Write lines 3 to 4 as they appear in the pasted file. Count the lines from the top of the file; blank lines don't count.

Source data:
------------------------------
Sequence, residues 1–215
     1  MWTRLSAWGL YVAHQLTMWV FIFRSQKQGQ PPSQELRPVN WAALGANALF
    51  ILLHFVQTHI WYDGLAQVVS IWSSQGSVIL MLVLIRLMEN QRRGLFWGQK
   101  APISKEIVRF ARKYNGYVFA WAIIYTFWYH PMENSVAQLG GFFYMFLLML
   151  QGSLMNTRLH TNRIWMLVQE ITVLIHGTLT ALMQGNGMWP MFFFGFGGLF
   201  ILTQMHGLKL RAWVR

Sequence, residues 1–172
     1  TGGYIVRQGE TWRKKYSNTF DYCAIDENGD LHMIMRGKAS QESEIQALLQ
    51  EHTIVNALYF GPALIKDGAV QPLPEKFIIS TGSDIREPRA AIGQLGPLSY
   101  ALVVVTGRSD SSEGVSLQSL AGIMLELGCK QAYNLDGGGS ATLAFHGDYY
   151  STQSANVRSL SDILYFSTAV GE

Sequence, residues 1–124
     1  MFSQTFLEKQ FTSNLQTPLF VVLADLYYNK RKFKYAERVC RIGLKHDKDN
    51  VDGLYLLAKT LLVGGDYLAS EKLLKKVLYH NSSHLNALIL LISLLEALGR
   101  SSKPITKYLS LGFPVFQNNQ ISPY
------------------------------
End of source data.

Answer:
    51  ILLHFVQTHI WYDGLAQVVS IWSSQGSVIL MLVLIRLMEN QRRGLFWGQK
   101  APISKEIVRF ARKYNGYVFA WAIIYTFWYH PMENSVAQLG GFFYMFLLML